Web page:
On the Control of Transportation Networks with Delays

Martin Heyden, Department of Automatic Control, LTH


In this thesis, a general model for transportation on directed tree graphs is studied. The nodes in the graph correspond to different storage locations, and the edges describe between which storage locations transportation is possible. The transportation is assumed to be subject to delay. Furthermore, nodes at the top of the network are allowed to produce more of the studied quantity. As an example, this setup can model an irrigation network, consisting of several pools that are connected via gates. The gates allow water to be transported from the upstream to the downstream pool. Each pool can be described by a node, and the edges describe which pools are connected by a gate. The production corresponds to taking water out from a reservoir and into a pool.

A common approach for control of large-scale networks is to stabilize the system around the optimal equilibrium point. However, as the operating conditions of the network change, the optimal equilibrium point will also change. In this thesis, the dynamic performance of the network is optimized, where the cost associated with deviations from the nominal levels is minimized. The transportation variations are not penalized, as it is assumed that this cost is negligible (for example, in the case of irrigation networks, gravity is responsible for the movement).

The optimal controller is shown to be highly structured, without imposing any structural constraints on the controller that normally limit performance. This structure allows for a simple and efficient implementation. The optimal transportation assignments can be calculated by a sweep through the graph, starting in the nodes without children, and iterating upwards. This implies that each gate in an irrigation network only needs to receive information from the gates downstream and send information to the gates upstream.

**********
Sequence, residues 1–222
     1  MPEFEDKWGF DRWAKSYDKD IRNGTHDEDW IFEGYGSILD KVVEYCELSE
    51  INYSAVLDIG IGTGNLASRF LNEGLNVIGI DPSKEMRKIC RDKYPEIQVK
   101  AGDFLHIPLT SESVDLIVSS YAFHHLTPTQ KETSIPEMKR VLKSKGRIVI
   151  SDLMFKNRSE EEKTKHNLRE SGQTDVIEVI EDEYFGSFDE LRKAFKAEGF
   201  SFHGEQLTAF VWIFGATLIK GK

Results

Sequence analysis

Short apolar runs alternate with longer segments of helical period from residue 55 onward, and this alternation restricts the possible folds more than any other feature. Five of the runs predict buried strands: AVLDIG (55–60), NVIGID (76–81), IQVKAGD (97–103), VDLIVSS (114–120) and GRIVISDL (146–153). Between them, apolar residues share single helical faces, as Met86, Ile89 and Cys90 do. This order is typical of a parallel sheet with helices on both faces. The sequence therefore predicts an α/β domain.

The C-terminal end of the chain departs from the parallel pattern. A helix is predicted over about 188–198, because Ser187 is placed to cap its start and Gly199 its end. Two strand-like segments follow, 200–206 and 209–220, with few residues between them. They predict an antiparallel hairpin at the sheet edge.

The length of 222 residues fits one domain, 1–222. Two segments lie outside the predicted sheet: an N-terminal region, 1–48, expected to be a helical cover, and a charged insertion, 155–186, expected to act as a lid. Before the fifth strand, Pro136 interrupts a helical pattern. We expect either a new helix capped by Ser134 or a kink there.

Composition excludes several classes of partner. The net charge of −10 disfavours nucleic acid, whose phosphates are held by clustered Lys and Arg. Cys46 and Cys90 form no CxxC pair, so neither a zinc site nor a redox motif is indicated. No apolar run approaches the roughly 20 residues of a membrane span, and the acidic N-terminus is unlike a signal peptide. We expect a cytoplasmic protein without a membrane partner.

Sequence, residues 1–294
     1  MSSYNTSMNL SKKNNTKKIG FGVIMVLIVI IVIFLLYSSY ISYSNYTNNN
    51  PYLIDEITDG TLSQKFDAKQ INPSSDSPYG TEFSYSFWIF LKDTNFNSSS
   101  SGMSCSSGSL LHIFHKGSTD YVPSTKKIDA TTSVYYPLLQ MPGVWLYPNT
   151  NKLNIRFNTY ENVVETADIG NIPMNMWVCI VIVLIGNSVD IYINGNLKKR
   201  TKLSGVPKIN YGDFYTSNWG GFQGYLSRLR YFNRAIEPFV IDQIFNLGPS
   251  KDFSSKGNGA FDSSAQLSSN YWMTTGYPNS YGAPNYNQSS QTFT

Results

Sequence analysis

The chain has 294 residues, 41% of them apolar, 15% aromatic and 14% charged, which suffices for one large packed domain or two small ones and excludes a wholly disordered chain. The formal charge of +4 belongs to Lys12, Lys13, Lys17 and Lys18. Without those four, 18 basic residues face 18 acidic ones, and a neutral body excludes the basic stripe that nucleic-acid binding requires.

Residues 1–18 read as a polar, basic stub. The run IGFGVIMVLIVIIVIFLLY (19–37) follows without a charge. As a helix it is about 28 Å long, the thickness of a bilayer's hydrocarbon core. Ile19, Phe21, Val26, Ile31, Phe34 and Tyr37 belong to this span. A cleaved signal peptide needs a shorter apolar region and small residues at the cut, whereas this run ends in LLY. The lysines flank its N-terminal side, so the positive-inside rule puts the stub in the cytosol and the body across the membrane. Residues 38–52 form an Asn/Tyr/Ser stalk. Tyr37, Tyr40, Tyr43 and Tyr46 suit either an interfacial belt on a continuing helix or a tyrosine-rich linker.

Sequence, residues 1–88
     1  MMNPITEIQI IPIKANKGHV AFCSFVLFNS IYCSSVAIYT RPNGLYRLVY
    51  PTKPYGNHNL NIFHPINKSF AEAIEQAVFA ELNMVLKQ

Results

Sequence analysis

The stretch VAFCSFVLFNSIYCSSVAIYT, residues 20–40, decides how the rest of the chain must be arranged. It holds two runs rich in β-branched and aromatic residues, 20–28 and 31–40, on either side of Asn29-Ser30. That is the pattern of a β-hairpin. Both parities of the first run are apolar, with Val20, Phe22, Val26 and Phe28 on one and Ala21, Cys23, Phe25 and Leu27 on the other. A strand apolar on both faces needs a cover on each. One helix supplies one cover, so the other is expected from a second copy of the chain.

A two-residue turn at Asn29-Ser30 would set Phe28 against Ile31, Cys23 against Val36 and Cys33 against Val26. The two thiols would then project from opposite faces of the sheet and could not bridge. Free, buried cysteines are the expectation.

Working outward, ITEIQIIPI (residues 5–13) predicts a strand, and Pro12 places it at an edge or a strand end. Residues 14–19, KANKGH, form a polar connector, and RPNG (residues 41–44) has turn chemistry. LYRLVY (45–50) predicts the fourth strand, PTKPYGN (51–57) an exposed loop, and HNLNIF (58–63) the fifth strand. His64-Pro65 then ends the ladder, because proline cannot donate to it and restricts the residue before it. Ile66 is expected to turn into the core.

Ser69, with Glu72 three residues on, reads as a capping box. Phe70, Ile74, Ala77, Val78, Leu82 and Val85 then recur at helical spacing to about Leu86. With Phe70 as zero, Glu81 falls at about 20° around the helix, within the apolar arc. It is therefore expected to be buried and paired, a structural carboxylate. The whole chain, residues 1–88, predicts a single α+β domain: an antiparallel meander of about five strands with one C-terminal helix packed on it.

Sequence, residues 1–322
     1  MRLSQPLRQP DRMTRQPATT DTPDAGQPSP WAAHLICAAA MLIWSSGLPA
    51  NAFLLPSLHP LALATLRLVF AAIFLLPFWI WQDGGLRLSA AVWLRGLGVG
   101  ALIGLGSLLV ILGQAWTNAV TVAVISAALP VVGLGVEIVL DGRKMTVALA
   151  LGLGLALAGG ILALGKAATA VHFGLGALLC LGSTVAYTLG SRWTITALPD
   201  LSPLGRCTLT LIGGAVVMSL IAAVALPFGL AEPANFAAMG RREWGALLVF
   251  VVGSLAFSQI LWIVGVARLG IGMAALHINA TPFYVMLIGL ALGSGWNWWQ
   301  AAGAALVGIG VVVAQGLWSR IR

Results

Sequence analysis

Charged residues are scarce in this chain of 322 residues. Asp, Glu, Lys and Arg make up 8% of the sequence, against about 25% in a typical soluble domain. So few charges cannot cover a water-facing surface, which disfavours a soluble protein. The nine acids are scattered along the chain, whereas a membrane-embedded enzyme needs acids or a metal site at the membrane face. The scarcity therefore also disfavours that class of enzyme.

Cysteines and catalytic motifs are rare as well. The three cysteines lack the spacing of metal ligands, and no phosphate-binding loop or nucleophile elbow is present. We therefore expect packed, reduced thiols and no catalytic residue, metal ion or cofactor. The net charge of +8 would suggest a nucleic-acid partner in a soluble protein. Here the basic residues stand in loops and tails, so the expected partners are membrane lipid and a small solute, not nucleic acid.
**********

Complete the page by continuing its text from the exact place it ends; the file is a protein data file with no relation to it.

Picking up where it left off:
Even stronger results are derived for string graphs. Firstly, it is shown how to give optimal feed-forward for planned disturbances. These planned disturbances could for example be farmers taking water out of an irrigation network. This requires minor modifications to the aforementioned controller structure, where the information about the planned disturbances can be communicated by a sweep through the graph. Secondly, it is shown how to allow for production in every node. This requires two sweeps, with one going in the upstream direction and one going in the downstream direction. These sweeps can be done in parallel, and thus the implementation time is unaffected. The resulting controller is applied to a more realistic simulation model for irrigation networks, where it outperforms a simple P controller in response to both step changes and disturbance rejection. For disturbance rejection of low-pass filtered disturbances, the performance is close to the theoretical maximum attained using a centralized controller with a perfect model.

The optimal control problem is also studied from a localized perspective, where each node tries to maximize its own utility. To coordinate, each node is presented with a price for having a certain level at each time point. It is shown how to calculate prices so that that the nodes’ optimal levels align with the socially optimal levels. These prices can also be calculated by a sweep through the graph.